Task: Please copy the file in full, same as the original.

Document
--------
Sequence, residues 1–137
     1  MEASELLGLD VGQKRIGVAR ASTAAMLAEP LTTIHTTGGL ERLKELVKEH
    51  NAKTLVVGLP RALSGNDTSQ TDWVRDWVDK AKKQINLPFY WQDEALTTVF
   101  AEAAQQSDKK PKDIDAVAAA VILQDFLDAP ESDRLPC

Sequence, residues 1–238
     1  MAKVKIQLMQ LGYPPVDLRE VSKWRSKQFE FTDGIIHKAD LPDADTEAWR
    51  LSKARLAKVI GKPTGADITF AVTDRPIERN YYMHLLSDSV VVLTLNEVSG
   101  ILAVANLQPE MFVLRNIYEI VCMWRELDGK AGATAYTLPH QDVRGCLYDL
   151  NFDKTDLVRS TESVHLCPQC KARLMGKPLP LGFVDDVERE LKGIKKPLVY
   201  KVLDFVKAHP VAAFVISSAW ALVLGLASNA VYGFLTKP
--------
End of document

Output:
Sequence, residues 1–137
     1  MEASELLGLD VGQKRIGVAR ASTAAMLAEP LTTIHTTGGL ERLKELVKEH
    51  NAKTLVVGLP RALSGNDTSQ TDWVRDWVDK AKKQINLPFY WQDEALTTVF
   101  AEAAQQSDKK PKDIDAVAAA VILQDFLDAP ESDRLPC

Sequence, residues 1–238
     1  MAKVKIQLMQ LGYPPVDLRE VSKWRSKQFE FTDGIIHKAD LPDADTEAWR
    51  LSKARLAKVI GKPTGADITF AVTDRPIERN YYMHLLSDSV VVLTLNEVSG
   101  ILAVANLQPE MFVLRNIYEI VCMWRELDGK AGATAYTLPH QDVRGCLYDL
   151  NFDKTDLVRS TESVHLCPQC KARLMGKPLP LGFVDDVERE LKGIKKPLVY
   201  KVLDFVKAHP VAAFVISSAW ALVLGLASNA VYGFLTKP